Both methods can be helpful, but you may want to make exceptions to your chosen approach. For example, it may make sense to prioritize loans with variable interest rates or loans whose current interest rates will rise in the future. A perfect example is transferring your debt to a credit card with a 0% APR, which will likely rise into double digits after the 0% promotion ends.

According to the Federal Reserve, the average APR for extra-fee credit cards was 22.63% as of February 2024. Credit card interest rates are generally much higher than the APRs on other debts, like mortgages and car loans. So, it may be best to pay off your credit card debt with a balance transfer first, even if it’s not your highest-interest debt.

Other possible exceptions might include mortgages and student loans. The interest you pay on these loans may be tax deductible, meaning that a portion of the interest will be refunded to you as a small tax bill. Therefore, you may want to move this debt lower on your priority list in order to tackle other debts that don’t have such tax benefits.

Overall, the order in which you pay off your debts is less important than a clear plan that takes into account your loan types and interest rates, and the repayment strategy that best suits your personality.

3. Have a Plan B

While a year or more of no interest is certainly a long time, many things can happen that can affect your plans to transfer your debt before the 0% balance transfer period ends, such as losing your job or unexpected expenses. It can prevent you from paying off your cards.

Remember, there are still ways to pay off your loans without accruing too much interest. That’s how it’s done.

  • Transfer the balance again. Consider transferring any outstanding debt to another balance transfer card before the APR promotional period ends. Most major credit card issuers offer multiple cards with 0% terms. You can also apply for a credit union card, which usually has a lower interest rate than cards from big banks. If you choose this method, be strategic about paying off your debt, especially since there are balance transfer fees every time you transfer debt.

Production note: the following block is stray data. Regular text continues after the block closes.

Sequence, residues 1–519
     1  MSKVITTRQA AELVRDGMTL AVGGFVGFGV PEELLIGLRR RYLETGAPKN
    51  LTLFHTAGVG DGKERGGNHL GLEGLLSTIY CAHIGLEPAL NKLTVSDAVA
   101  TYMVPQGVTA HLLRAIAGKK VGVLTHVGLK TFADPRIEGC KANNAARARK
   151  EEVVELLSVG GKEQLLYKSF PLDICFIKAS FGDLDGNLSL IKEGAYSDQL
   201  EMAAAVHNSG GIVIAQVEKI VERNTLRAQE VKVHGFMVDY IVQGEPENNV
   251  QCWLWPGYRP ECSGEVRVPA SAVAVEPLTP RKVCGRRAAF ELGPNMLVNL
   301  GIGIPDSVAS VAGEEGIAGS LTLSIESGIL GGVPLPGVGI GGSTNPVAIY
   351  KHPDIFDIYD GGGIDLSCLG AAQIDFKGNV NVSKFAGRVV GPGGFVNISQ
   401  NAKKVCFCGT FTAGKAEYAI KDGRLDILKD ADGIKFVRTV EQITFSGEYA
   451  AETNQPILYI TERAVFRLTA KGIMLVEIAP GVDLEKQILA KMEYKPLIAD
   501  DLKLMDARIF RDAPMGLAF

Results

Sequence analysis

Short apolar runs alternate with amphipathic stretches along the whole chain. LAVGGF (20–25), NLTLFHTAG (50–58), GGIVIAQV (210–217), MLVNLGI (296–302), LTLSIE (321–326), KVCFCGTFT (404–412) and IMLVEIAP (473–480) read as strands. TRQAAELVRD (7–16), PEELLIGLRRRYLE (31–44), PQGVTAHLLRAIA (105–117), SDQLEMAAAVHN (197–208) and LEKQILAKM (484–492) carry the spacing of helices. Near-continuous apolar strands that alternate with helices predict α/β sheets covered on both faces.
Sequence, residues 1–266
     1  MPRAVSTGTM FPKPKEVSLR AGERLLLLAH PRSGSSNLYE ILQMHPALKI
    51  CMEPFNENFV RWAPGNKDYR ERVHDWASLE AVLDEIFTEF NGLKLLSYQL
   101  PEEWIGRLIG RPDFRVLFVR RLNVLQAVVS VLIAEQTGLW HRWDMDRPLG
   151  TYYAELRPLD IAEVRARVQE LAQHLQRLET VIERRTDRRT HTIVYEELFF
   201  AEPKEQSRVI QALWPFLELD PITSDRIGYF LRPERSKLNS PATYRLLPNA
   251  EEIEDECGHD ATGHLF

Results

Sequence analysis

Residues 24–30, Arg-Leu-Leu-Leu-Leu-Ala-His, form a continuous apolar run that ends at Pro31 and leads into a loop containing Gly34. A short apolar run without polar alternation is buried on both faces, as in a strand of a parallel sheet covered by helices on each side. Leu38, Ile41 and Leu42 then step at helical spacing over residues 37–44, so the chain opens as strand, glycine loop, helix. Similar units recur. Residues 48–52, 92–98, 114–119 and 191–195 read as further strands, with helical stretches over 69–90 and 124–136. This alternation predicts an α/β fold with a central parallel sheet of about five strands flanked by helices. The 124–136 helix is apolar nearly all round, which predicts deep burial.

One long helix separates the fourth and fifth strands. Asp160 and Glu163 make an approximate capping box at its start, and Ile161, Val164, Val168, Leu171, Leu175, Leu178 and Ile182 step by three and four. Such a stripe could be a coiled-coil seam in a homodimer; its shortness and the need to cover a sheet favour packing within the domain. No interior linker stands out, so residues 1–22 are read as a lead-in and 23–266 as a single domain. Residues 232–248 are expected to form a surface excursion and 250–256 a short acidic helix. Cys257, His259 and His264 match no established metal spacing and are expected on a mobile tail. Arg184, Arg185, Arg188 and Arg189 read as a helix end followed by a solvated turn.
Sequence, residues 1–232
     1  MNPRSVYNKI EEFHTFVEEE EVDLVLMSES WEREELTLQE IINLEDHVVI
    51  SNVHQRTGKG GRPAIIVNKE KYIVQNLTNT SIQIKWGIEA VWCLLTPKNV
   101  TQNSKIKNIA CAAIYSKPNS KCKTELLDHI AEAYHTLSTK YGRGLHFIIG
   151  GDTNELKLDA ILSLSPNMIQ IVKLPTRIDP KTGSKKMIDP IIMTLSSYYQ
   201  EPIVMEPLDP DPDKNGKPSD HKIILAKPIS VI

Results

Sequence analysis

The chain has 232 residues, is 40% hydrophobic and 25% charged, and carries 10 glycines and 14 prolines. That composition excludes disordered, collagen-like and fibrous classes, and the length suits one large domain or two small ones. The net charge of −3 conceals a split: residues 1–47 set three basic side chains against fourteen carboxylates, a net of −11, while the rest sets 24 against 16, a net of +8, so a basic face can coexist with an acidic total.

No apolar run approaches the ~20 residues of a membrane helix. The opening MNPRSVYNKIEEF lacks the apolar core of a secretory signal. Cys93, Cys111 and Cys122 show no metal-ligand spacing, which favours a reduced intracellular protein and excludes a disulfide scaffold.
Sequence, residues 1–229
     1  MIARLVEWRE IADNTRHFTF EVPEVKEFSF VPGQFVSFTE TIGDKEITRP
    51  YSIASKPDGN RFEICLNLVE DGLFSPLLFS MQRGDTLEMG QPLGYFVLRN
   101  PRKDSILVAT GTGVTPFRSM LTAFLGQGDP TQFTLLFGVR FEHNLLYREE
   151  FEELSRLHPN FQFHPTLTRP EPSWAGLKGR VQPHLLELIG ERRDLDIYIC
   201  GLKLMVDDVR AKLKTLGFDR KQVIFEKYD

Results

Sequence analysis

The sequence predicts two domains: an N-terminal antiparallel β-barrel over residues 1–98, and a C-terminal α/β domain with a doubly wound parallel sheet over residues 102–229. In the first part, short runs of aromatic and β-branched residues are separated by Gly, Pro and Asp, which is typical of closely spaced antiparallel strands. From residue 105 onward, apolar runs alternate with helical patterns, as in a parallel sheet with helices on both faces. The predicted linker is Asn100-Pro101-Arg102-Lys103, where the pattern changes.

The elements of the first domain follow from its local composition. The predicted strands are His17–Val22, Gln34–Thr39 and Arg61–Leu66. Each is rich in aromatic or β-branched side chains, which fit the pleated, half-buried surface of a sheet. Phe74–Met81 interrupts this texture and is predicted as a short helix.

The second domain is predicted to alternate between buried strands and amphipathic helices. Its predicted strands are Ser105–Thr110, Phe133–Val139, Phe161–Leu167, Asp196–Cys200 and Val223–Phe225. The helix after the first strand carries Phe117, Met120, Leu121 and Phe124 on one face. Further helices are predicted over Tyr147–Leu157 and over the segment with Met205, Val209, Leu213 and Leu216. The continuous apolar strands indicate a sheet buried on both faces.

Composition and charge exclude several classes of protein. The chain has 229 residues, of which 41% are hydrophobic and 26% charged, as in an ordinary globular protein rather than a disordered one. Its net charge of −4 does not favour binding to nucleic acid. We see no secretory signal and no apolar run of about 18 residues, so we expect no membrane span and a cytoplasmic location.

• Ask for a lower interest rate. Maybe you don’t want to go through the hassle of transferring your debt to another credit card. Contact your current card issuer and ask for a lower interest rate. If you’re a loyal cardholder with a history of on-time payments, the issuer may be willing to work with you. Your request may not be granted, but you have nothing to lose by asking.
  • Get help from nonprofit credit counseling. This option may be best for people with multiple debts. A credit counselor will determine whether you qualify for a debt consolidation plan to get rid of your debts. In this plan, an advisor will negotiate interest rates on your behalf and help you develop healthy financial habits. Make sure the agency they work with is a nonprofit and accredited organization, such as the National Foundation for Credit Counseling or Money Management International.

The process of paying off debt is often described as a journey, and the journey usually contains valuable lessons. If you find that you need a balance transfer card as a way to pay off your debt, use the experience as an opportunity to reevaluate your spending habits and make a plan to avoid credit card debt in the future.